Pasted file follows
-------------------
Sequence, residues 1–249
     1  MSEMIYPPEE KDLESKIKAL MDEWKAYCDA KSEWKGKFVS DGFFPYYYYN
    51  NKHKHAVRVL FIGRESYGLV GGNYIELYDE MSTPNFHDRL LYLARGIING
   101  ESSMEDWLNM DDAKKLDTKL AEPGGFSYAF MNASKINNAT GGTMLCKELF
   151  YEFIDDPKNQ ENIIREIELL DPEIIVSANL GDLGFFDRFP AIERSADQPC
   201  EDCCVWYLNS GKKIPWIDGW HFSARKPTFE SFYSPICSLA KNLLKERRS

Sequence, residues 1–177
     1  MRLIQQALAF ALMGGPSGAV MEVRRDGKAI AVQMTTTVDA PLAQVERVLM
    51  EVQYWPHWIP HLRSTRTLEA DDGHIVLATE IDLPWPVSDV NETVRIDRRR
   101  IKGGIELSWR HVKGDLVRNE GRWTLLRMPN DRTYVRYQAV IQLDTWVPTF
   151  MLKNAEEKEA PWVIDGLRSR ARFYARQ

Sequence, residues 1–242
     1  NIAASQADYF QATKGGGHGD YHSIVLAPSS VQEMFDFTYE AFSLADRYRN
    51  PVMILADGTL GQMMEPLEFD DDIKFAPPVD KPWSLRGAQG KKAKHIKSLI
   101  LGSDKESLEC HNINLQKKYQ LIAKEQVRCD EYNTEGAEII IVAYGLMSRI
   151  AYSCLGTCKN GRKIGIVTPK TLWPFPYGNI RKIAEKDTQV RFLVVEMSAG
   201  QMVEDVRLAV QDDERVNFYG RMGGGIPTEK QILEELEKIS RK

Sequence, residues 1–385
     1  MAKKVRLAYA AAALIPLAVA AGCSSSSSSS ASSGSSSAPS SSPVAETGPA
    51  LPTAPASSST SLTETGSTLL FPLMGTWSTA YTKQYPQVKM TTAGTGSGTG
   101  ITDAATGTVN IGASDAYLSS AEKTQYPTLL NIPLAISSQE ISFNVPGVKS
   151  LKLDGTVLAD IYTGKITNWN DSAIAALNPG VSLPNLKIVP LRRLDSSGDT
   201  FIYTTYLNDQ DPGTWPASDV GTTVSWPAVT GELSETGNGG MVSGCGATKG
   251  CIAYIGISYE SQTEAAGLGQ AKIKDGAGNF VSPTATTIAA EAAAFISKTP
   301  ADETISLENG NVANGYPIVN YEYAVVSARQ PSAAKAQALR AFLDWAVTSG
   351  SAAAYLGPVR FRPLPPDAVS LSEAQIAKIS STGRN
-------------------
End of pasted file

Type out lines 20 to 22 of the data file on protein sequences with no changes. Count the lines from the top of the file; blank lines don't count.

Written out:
    51  LPTAPASSST SLTETGSTLL FPLMGTWSTA YTKQYPQVKM TTAGTGSGTG
   101  ITDAATGTVN IGASDAYLSS AEKTQYPTLL NIPLAISSQE ISFNVPGVKS
   151  LKLDGTVLAD IYTGKITNWN DSAIAALNPG VSLPNLKIVP LRRLDSSGDT